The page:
Since 1997, Pacific Netting Products Inc. has been supplying engineered barrier nets for an array of applications and to a wide range of industries. We are the industry leader in the application, design, and installation of high-tech synthetic mesh barrier netting systems. Whether for Environmental Protection Agency (EPA) rule 316(b) compliance, Federal Energy Regulatory Commission (FERC) re-licensing, or other environment related issues, PNP works with you to help meet your challenges
Hydroelectric power is an unmissable part of the drive to reduce emissions and secure cheap and sustainable energy. It’s cost-effective, proven and carbon neutral.
The story for fish has been less rosy, however. For them, the construction of a dam causes obvious logistical hurdles as they try to migrate up and down rivers. Instead of making it to their destination, millions end up mangled in turbines, trapped below dams, or slow-cooked in reservoir water that is too warm for them. But there is hope: growing environmental awareness and regulation, plus new barrier net technologies and fish management systems, are helping to turn the situation around.
Stronger fish barrier nets with Dyneema®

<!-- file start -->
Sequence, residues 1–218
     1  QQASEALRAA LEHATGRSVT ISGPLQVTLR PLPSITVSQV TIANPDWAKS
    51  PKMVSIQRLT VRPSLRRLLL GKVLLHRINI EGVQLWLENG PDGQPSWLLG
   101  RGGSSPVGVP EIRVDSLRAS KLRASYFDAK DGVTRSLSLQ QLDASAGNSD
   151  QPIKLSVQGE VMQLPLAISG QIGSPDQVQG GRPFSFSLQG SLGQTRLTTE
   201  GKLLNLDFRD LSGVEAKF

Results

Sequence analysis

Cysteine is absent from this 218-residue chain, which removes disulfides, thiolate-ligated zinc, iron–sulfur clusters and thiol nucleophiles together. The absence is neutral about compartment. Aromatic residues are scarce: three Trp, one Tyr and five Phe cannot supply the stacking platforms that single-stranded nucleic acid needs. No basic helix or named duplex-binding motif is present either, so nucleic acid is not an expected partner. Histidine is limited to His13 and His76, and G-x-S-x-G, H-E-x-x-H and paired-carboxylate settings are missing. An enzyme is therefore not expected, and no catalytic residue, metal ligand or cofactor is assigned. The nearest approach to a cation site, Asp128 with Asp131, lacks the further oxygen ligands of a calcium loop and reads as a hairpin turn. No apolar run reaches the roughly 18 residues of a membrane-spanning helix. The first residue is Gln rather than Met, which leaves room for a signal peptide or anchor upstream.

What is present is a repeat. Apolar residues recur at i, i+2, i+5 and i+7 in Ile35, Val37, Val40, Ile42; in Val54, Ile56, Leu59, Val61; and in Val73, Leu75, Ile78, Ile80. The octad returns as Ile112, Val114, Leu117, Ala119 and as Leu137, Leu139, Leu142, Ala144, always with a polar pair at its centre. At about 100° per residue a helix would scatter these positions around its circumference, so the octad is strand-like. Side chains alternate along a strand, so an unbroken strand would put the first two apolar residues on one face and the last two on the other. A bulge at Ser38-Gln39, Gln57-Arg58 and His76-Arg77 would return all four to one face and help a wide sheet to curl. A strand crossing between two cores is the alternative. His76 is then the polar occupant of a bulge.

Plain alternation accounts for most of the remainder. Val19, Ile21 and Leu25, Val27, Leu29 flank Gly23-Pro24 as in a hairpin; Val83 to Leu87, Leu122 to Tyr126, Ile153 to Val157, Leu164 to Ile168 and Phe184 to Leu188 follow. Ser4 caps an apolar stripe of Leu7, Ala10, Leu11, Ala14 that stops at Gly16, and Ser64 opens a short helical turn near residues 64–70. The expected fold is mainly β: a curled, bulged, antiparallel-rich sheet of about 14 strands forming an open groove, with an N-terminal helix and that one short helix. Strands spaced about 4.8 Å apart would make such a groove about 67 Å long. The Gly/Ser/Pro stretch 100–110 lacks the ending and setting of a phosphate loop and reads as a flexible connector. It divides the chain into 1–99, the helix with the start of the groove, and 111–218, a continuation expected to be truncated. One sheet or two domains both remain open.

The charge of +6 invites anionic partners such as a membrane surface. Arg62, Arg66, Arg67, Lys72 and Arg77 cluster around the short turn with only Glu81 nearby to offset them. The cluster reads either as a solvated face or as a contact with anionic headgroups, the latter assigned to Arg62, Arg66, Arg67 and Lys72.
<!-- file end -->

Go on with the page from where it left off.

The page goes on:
In the United States, Pacific Netting Products Incorporated (PNP) is helping power generators to reduce costs and increase successful fish migration with barrier nets made with advanced Dyneema® fiber.
At the Great Lakes, in Michigan, for example, the company has manufactured and installed the world’s longest barrier net at approximately 2.5 miles (4 km) to protect fish stocks. At Bagnall Dam, in Missouri, PNP nets made with Dyneema® were chosen over nylon ones because they are less likely to break. This is crucial because at one point the net is just 40 feet (13 meters) from a turbine intake and a break could lead to the net being sucked into the turbine. PNP’s nets made with Dyneema® have also enabled the plant’s operator to reduce ROV inspections from monthly to quarterly, because the nets are proving to be so resilient. This has cut ROV inspection costs by 25%.